APSN official statement on the Key announcements at SPED Conference 2016

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Compulsory education for children with Special Needs send a strong signal of inclusiveness.

In October 1995, Singapore became signatory to the United Nations Convention on the Rights of the Child* (UNCRC), pledging its commitment to help children by setting minimum standards that the government should meet in providing healthcare, education, legal and social services. Children with Special Needs have at times fallen through the gaps of the education system because they are not enrolled into any formal institution. Hence they do not have the opportunity to learn vocational and life skills which will empower them to live independently.

In 1977, APSN started classes for children with Mild Intellectual Disability (MID) in various church halls with a total enrollment of 90 students and a handful of teachers in its first two years.  The teachers comprise of parents of MID children who wanted to provide the appropriate education for their special needs kids. Back then even with the limited infrastructure and resources, the vision to provide a holistic and comprehensive education to persons with special needs was always a priority.

Today, APSN has over 400 teachers and staff across 4 primary, secondary and vocational schools of which APSN Delta Senior School is a purpose built infrastructure for special needs.

At APSN, we have experienced teachers from NIE and a holistic ecosystem with psychologists, occupational therapists, job coaches and social workers working together to support the development of the special needs child. With the purpose built schools and modernization of special needs education, this is a timely move to pass the Compulsory Education Act.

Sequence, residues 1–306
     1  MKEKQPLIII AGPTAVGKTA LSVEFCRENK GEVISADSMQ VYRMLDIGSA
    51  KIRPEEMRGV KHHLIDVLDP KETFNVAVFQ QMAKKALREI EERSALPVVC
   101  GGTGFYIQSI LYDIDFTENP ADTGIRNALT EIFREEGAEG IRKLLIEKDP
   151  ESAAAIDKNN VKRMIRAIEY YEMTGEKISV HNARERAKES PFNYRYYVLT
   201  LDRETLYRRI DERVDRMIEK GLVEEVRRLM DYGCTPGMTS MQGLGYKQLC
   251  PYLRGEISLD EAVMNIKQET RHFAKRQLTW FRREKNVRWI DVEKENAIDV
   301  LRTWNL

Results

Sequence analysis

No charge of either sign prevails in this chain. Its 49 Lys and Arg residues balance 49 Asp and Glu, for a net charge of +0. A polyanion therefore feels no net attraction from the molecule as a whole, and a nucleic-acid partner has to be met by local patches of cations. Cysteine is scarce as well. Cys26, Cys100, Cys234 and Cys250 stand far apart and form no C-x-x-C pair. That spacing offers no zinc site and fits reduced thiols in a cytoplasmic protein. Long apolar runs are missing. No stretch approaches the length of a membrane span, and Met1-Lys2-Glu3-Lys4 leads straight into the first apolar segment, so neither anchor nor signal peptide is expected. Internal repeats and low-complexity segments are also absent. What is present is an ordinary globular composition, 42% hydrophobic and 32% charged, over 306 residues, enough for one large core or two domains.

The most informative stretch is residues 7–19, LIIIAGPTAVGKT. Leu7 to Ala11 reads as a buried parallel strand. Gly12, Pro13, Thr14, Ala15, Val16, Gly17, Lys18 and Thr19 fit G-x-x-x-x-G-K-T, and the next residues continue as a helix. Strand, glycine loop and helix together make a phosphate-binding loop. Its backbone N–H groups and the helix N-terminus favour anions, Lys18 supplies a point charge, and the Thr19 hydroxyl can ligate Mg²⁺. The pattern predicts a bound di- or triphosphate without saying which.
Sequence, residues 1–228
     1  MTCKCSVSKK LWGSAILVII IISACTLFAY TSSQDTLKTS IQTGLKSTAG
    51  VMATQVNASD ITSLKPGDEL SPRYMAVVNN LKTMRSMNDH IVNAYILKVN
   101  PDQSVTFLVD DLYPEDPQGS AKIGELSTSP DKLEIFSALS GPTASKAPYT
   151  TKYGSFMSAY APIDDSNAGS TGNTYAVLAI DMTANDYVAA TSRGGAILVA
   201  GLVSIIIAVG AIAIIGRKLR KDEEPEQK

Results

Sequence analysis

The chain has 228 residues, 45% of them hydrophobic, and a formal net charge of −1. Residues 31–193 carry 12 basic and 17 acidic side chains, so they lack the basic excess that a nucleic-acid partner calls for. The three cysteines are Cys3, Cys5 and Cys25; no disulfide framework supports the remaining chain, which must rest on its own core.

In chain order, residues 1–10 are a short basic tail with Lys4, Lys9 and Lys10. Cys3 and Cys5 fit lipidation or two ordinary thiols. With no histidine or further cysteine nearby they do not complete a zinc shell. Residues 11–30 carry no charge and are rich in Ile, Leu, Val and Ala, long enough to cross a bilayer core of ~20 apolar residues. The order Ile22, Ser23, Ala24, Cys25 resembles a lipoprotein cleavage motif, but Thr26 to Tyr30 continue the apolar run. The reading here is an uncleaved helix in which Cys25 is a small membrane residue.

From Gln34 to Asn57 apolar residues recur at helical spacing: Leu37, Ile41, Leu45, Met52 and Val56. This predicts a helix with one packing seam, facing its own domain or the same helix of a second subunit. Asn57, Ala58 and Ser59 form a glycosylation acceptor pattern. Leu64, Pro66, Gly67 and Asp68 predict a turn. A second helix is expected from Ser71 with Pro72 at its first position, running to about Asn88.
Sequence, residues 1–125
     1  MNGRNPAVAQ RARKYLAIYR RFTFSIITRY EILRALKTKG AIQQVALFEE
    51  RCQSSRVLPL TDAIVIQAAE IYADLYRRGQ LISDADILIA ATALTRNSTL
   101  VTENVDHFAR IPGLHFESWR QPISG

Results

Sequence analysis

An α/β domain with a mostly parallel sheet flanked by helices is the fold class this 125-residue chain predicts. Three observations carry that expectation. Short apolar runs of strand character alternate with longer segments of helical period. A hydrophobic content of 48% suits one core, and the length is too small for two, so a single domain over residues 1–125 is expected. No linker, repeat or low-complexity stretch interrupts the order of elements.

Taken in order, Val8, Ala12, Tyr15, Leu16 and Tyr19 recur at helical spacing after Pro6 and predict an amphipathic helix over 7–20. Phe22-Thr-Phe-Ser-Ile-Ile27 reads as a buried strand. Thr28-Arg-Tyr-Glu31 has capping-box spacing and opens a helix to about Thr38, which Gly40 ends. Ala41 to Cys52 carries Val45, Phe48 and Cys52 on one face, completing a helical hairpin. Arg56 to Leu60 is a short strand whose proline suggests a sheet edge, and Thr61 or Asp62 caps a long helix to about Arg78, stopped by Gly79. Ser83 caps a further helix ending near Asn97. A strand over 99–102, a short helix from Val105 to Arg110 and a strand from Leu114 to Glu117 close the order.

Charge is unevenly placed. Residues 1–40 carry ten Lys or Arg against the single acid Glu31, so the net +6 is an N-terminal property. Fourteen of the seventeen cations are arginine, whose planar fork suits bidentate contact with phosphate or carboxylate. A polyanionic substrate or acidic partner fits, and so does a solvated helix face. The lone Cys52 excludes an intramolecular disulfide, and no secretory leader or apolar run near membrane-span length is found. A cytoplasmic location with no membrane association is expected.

The APSN curriculum and vocational training programmes empower our students with life skills to allow them better integration into society and preparation for open employment.

With an extensive variety of co-curricular activities, our students also learn to be active contributors to society. Technology oriented learning such as use of iPad apps, gamification through Nintendo wii to improve motor skills, problems solving through robotics and interactive whiteboards for intuitive learning enables constrained learners to grasp key concepts and information more effectively.

Families with special needs children, who are financially constrained may find it challenging to send their children to school. More financial assistance will be needed to support this group of families. There may also be another group of special needs children who are unable to attend school as they have multiple learning challenges and conditions. This group may require exemption from the Act.

APSN will continue to develop individuals with special needs to their fullest potential and to encourage the community to embrace persons with special needs as contributing members of society and work together to increase employment opportunities for individuals with special needs.

 * The UNCRC defines a “child” as someone below the age of 18

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